Kyle Rittenhouse takes the stand to make his self-defense case in his homicide trial

Kyle Rittenhouse testifies during his trial at the Kenosha County Courthouse on November 10, 2021 in Kenosha, Wisconsin.

Sean Krajacic-Pool/Getty Images

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Sean Krajacic-Pool/Getty Images

Kyle Rittenhouse testifies during his trial at the Kenosha County Courthouse on November 10, 2021 in Kenosha, Wisconsin.

Sean Krajacic-Pool/Getty Images

Kyle Rittenhouse, the 18-year-old who shot and killed two demonstrators at a racial justice protest last year in Kenosha, Wis., has taken the stand in his own homicide trial to make the case that he acted in self-defense.

In dramatic testimony Wednesday, Rittenhouse described a sequence of events that he said left him feeling afraid for his life, starting with being chased by a man who made death threats and reached for his gun, leaving Rittenhouse with no choice but to shoot him, he said. Afterward, he was pursued and attacked by a “mob,” Rittenhouse said, as he tried to make his way to the police to turn himself in.

At one point, he broke into sobs, prompting the judge to call for a break.


“I didn’t intend to kill them. I intended to stop the people who were attacking me,” Rittenhouse said.

Rittenhouse was 17 years old when he traveled to Kenosha on Aug. 25, 2020. He has said that he went there with the intent of protecting businesses from property damage and to act as a medic. He was carrying an AR-15-style rifle on the night of the shootings.

There, he shot three people, first killing Joseph Rosenbaum, 36, and then killing Anthony Huber, 26, and injuring Gaige Grosskreutz.

Rittenhouse’s account of the night

Rittenhouse testified that Rosenbaum was the initial aggressor that night, twice making death threats to Rittenhouse and those around him. Rittenhouse said he was headed toward a used car lot to put out a fire when Rosenbaum began to chase him.

They ran into the lot, where, feeling cornered, Rittenhouse turned around to face Rosenbaum, who lunged toward him, Rittenhouse testified, grabbing for his rifle.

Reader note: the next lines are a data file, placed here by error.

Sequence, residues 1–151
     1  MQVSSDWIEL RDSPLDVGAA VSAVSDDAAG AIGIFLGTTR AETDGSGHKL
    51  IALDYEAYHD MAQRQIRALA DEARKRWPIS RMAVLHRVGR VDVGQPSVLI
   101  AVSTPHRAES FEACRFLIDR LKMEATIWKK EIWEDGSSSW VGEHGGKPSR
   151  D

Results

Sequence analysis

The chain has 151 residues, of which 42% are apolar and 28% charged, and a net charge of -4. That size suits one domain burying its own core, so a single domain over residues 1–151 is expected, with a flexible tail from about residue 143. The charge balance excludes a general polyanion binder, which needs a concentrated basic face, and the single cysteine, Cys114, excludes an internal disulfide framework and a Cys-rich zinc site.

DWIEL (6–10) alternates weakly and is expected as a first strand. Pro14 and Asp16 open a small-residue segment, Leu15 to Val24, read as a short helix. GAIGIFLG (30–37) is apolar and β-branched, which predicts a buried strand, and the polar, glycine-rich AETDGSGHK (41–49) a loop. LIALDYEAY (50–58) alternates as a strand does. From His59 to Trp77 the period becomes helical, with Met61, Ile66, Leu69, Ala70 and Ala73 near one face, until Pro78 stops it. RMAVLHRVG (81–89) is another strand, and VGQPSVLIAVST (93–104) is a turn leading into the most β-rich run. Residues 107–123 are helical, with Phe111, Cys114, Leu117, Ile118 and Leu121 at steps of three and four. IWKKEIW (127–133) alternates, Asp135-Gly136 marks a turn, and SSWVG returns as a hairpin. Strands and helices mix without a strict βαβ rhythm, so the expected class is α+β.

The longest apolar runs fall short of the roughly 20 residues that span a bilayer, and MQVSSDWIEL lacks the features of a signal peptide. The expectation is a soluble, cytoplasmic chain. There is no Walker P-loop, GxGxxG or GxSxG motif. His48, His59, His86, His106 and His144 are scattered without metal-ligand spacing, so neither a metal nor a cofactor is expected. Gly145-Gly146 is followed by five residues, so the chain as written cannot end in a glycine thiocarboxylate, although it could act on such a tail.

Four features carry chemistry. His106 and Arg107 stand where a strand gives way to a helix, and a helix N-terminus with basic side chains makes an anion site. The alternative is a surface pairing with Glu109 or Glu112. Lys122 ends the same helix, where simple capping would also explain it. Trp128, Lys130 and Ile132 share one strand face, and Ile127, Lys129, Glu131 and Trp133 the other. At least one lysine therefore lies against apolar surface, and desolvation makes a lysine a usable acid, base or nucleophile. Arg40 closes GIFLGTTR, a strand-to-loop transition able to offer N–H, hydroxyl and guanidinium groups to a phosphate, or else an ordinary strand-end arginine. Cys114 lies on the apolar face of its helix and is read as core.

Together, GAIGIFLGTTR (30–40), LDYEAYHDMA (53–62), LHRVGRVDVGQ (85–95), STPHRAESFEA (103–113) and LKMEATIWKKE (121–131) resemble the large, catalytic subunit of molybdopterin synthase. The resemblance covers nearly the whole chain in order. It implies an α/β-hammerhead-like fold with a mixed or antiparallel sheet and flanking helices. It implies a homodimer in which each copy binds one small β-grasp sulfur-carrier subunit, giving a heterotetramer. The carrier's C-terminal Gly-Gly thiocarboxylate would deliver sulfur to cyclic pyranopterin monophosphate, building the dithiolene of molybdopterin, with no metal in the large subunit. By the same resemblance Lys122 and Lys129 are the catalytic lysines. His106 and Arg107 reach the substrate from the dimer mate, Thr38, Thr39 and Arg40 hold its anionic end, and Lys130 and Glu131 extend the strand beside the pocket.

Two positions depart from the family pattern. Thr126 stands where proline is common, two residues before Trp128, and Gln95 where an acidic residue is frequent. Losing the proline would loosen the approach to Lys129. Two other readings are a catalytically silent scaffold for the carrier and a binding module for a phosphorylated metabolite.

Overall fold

“I remember his hand was on the barrel of my gun,” he said. Rittenhouse shot four times, killing Rosenbaum.

Afterward, Rittenhouse said, a “mob” began to descend on him, yelling “get him.” He said he began running toward a police line to turn himself in.

Several men started to chase him, Rittenhouse said, including Huber, who struck him to the ground with a skateboard.

“As I’m getting up, he strikes me in the neck a second time,” Rittenhouse said. “He grabs my gun and I can feel it pulling away from me.”

He shot Huber once, killing him.

Just behind Huber was Grosskreutz, who was holding a handgun. Video evidence shows Grosskreutz at first raising both his hands into the air after Rittenhouse shot Huber. Video shows him then bringing his arms back down, pistol in one hand, to move toward Rittenhouse.

In testimony Monday, Grosskreutz said that he lunged for Rittenhouse with the intent to disarm him only after believing to see Rittenhouse “re-rack” his rifle in preparation to fire. Rittenhouse testified Wednesday that he had not re-racked his weapon.

In advancing toward Rittenhouse, Grosskreutz pointed his gun at him — unintentionally, Grosskreutz testified. Rittenhouse shot him once, striking him in the bicep.

Rittenhouse testified Wednesday that Grosskreutz’s pistol was pointed “directly at my head.”

Challenges for the prosecution

Prosecutors rested their case earlier this week. Over six days of testimony, they endeavored to show that Rittenhouse was acting aggressively and that any fear for his safety was unfounded.

But their own witnesses often seemed to undermine that effort.

One witness, Richard McGinnis, testified last week that Rosenbaum had chased Rittenhouse and was reaching for the rifle when Rittenhouse shot him. Another witness, Ryan Balch, said Rosenbaum had been acting in a “hyperaggressive” way.

The testimony of Grosskreutz, who as the sole survivor of the shooting was possibly the state’s most important witness, underscored the challenges facing prosecutors.

Grosskreutz testified that he was “never trying to kill” Rittenhouse. But he also said he believed Huber was attempting to harm Rittenhouse, and during cross-examination with a defense lawyer, acknowledged that he had pointed his gun at Rittenhouse.

Defense lawyers also seized on inconsistencies between his testimony and his initial statements to police — including the fact that he was armed that night, which Grosskreutz did not tell police at first.

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